Various Gigabit Ethernet testers are available.

Estimated world markets (total revenues) for network cable testers, according to Frost & Sullivan, were about $119 million in 1999, $137 million in 2000, a projected $161 million in 2001, an estimated $188 million in 2002, and a projected $220 million in 2003.

These amounts include testers for all categories of cable, not just Gigabit Ethernet ones.

Nevertheless, an often-stated recommendation for networks is to install the highest-performance cable available at installation time. Testers often adopt the same strategy, testing all speeds up to and including the current standard speed, which is 1000 BASE-T or Gigabit Ethernet.

Individual testers may vary in price from $100 to $5,000, depending upon the number, sophistication, and precision of the tests performed, as well as the ease-of-use features included.

These testers are classified according to the type of cable they test:

• unshielded twisted pair (UTP), copper only,
• fiber (glass) only, or
• hybrid (both UTP and fiber).

Each of these categories includes multiple measurements.

For convenience, most are packaged as easily carried, hand-held devices. Packed with functions, these cable testers deliver a wide range of sophisticated analyses as well as simple practical checks, such as the wire map. The wire map indicates end-to-end continuity, shorts, crosses, and reversed pairs. Analysis includes the measurement categories discussed in last month’s column, including loss, pair coupling, delay, and signal-to-noise ratio.

Although most testers will perform any individual measurement upon demand, pushing a single button will usually initiate a sequence of tests, beginning with wiring faults and proceeding through a battery of electrical tests for loss, length, etc.

In fact, a summary of all tests is then displayed or made available for uploading to a computer for storage or printing. Alternatively, a single pass/fail result is more efficient if the cable is being certified.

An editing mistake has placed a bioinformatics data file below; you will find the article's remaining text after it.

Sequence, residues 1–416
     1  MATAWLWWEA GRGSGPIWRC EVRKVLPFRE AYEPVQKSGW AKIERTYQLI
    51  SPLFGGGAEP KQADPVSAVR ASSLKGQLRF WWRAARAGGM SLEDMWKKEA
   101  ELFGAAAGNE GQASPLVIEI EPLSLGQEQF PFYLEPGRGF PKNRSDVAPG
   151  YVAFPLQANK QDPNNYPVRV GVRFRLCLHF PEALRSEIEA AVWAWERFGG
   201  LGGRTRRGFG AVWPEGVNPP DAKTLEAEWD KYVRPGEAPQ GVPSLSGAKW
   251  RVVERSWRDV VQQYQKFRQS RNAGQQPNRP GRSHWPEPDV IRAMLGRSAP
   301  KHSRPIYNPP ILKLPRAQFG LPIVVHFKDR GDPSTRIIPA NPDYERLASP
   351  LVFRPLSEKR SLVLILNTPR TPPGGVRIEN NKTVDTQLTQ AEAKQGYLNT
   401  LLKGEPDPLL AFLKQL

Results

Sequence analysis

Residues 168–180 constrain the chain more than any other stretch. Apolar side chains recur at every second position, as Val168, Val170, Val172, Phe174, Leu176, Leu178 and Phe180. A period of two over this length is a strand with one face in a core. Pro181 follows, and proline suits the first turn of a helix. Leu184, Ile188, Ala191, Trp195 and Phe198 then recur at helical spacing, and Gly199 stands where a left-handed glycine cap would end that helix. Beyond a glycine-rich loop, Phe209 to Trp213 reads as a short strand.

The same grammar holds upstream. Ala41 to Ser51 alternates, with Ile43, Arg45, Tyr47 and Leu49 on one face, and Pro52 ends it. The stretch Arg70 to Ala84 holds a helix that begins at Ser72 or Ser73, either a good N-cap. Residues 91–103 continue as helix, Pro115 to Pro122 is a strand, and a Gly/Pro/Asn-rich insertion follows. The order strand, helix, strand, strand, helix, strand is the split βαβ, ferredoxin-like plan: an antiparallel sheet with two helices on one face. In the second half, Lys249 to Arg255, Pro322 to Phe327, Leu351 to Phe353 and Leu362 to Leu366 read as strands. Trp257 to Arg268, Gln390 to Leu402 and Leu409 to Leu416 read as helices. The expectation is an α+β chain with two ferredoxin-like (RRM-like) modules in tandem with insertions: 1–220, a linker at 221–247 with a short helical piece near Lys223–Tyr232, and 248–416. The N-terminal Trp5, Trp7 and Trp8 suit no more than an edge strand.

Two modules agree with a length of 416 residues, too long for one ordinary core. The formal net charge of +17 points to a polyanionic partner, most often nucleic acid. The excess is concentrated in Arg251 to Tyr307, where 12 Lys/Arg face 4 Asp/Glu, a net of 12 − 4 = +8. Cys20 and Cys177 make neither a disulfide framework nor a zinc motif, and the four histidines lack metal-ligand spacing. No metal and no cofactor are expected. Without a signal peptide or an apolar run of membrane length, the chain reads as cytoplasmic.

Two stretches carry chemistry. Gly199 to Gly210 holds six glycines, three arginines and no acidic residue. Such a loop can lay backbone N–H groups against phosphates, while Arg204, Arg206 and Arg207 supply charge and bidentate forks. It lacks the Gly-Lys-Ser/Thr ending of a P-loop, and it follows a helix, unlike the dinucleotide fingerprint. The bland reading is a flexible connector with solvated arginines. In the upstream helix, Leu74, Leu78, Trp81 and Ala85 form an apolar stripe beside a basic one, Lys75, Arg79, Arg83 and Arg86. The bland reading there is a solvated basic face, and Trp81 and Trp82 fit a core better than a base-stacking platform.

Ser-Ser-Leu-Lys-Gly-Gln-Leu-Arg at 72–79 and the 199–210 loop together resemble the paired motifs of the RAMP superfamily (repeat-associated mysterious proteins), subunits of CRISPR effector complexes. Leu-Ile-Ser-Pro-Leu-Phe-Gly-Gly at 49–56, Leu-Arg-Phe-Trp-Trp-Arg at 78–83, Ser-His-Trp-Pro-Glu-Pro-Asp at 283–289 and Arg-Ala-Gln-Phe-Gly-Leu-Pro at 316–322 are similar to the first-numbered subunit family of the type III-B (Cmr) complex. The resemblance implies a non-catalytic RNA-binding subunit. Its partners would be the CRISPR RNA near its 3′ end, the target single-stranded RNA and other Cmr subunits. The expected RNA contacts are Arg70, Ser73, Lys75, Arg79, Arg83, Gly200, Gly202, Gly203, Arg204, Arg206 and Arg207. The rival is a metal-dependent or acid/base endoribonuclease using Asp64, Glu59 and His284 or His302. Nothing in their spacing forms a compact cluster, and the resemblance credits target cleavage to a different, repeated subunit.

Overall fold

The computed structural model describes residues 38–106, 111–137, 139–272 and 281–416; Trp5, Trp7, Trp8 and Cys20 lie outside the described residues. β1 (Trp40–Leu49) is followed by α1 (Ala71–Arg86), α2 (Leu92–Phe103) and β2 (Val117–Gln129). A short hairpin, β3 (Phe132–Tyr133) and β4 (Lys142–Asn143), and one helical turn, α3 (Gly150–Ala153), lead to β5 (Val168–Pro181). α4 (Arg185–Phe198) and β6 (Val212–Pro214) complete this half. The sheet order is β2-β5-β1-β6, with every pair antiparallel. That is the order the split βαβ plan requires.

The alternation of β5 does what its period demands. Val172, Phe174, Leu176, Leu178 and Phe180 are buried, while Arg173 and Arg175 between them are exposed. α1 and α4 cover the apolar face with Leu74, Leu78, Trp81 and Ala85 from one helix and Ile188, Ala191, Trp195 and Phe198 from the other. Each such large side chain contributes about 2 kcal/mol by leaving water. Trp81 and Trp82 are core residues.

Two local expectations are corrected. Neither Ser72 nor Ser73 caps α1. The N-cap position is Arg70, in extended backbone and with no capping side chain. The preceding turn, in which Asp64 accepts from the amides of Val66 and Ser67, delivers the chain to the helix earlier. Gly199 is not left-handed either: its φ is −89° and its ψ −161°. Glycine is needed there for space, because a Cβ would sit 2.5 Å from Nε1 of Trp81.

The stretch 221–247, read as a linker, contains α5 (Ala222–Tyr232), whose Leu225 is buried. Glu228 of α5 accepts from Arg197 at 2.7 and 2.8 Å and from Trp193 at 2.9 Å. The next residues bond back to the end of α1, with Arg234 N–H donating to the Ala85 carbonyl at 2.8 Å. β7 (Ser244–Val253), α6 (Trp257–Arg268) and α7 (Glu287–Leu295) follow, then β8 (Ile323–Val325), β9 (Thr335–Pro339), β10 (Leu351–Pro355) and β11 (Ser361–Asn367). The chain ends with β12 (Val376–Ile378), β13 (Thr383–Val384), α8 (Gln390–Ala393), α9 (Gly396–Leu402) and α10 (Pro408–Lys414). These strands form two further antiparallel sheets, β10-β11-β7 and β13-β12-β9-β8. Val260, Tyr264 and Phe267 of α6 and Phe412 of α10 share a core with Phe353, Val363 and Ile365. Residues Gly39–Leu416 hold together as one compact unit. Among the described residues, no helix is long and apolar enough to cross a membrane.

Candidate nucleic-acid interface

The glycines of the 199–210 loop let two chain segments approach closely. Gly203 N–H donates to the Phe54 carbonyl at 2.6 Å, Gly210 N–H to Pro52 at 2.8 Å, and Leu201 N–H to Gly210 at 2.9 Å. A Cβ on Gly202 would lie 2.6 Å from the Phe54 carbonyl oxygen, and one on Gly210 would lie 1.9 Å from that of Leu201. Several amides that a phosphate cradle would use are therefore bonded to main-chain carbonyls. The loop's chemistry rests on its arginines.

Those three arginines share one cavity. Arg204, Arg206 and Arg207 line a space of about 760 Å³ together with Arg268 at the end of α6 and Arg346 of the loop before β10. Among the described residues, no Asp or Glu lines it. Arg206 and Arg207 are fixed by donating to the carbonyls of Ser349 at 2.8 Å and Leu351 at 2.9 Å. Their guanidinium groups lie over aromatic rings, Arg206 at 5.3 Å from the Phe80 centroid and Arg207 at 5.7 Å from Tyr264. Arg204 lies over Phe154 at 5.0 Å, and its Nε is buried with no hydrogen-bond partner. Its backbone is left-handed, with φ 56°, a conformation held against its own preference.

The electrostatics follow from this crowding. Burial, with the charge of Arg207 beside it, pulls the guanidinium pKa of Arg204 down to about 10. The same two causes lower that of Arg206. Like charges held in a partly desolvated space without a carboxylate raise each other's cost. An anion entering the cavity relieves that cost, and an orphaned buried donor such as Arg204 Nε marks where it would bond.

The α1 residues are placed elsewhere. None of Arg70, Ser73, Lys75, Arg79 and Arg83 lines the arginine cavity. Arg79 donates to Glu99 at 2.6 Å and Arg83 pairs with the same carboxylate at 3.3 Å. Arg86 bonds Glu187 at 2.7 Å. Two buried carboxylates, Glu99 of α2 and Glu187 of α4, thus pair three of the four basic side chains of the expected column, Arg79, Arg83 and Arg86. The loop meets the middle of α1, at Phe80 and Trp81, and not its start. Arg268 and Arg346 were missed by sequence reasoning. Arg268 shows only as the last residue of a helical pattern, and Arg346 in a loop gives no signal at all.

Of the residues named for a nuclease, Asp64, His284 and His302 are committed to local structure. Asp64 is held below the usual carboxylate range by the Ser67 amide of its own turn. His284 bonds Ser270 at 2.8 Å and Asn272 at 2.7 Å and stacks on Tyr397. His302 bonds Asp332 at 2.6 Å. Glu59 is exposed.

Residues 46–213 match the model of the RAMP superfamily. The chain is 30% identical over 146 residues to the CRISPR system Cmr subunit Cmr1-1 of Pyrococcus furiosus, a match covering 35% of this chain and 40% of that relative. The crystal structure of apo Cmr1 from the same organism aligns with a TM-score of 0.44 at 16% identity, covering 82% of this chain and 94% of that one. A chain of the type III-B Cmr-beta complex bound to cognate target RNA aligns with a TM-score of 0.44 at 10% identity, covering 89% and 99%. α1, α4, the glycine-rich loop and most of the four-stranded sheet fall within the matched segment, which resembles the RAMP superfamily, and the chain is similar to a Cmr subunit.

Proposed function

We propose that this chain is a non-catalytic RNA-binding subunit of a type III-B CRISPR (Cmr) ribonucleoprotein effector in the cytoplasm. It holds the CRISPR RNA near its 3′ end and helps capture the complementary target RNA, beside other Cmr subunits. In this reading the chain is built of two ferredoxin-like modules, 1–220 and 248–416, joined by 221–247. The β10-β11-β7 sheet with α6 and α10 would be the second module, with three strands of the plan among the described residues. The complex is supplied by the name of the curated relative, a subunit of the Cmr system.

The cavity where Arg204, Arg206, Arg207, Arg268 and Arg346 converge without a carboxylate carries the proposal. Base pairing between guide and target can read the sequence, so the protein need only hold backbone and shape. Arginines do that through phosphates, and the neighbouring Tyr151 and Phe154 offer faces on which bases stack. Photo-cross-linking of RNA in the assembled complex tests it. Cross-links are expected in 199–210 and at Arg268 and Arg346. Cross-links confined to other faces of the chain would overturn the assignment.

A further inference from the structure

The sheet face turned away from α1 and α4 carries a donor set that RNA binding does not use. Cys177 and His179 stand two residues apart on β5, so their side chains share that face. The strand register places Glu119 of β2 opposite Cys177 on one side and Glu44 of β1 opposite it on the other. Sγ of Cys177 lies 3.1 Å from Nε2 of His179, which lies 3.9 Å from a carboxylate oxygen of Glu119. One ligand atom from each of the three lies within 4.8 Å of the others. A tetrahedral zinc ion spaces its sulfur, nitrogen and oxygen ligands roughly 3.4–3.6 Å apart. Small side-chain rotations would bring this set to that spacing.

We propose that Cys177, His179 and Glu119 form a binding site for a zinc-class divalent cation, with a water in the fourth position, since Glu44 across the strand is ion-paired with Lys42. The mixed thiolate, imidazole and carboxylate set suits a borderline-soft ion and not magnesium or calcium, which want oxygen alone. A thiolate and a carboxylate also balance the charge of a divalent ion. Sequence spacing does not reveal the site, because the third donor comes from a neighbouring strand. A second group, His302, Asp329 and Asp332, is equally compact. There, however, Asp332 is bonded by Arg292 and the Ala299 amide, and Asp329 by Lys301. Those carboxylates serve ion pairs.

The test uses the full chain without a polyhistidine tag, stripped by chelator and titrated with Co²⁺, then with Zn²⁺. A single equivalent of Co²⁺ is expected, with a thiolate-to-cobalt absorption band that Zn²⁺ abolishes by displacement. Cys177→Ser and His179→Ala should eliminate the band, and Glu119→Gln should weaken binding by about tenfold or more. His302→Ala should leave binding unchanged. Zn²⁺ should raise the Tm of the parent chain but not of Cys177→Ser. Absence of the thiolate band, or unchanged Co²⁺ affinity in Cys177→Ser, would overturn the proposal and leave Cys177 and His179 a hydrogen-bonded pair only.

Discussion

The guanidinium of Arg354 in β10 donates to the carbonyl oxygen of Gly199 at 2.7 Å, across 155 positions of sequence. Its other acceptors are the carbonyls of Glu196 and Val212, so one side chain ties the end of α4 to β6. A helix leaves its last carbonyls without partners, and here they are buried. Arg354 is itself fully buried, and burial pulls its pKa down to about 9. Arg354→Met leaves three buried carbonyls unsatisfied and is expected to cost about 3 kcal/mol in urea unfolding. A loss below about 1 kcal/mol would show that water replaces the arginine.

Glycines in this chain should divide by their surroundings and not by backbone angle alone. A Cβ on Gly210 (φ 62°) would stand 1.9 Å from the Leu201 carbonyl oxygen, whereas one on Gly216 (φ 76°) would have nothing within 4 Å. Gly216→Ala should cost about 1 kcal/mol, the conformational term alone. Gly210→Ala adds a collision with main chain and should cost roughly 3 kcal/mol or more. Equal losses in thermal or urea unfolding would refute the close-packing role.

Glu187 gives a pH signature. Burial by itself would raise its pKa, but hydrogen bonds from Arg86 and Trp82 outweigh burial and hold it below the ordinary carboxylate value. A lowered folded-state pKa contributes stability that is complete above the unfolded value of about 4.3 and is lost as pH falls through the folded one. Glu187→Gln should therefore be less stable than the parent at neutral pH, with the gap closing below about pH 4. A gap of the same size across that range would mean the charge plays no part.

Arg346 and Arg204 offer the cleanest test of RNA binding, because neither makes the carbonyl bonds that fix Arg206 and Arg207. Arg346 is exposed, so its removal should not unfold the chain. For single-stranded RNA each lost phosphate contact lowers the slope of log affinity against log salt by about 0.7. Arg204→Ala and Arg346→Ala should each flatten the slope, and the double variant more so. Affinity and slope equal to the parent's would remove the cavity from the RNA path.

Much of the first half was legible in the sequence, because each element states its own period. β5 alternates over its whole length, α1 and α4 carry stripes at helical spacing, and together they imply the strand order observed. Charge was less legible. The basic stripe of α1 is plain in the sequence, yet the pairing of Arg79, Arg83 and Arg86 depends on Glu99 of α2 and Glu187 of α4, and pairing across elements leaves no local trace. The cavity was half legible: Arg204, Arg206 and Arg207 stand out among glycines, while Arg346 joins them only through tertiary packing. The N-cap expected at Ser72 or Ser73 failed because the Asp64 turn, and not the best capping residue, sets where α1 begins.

Some major tester manufacturers include Agilent Technologies (the former test and measurement division of HP), DataCom, Fluke, Microtest, and Wavetek, Wandel & Golterman.

UTP testers
Among the features usually supported is the ability to measure the cable length. This should be measured and recorded after initial installation. Not only does this ensure that the cable is shorter than the specified maximum length, but it can also simplify and speed subsequent troubleshooting. Any change in length can help determine where the cable is broken.

Length is measured by the time domain reflectometer (TDR) principle, which consists of creating a pulse at the tester and timing its return after it reflects from the distant cable end, like radar. Such measurements depend upon accurate specification of the type of cable, so that well-known electrical properties can be used in the calculation.

One disadvantage of such devices is that they must be applied to isolated cables. This is because the testers will corrupt data on “live” cables, possibly falsifying the tests. Usually the cable end opposite the tester must be attached to a specified loopback plug or attenuator.

Another potential disadvantage is that the standards they test against are an ever-moving target. For instance, the original five EIA/TIA 568 UTP categories have been extended with Category 5e, but Categories 6 and 7 have never been officially specified. Yet cable consumers demand and several vendors supply cables that support greater than 200 to 250MHz performance. Fortunately, the testers can be upgraded with new software to make the measurements required in the future, as long as the hardware can provide the appropriate connections.

Fiber cable testers
The fiber testers are actually simpler than UTP ones, because optical environments don’t have the crosstalk and noise corruption of copper UTP environments. Generally, fiber optic cables must be tested only for loss and continuity. Light from a calibrated source connected at one end of the cable is simply measured by an optical power meter connected to the other end.

If no light reaches the other end, the failure point can sometimes be found by looking along the cable for light leaks where the sheath is broken. Otherwise, a considerably more expensive tester, called an optical time domain reflectometer (OTDR), must be used to measure where the fault has occurred.

SHINN is principal of Compututor. He can be reached via
e-mail at



Gigabit Ethernet Alliance,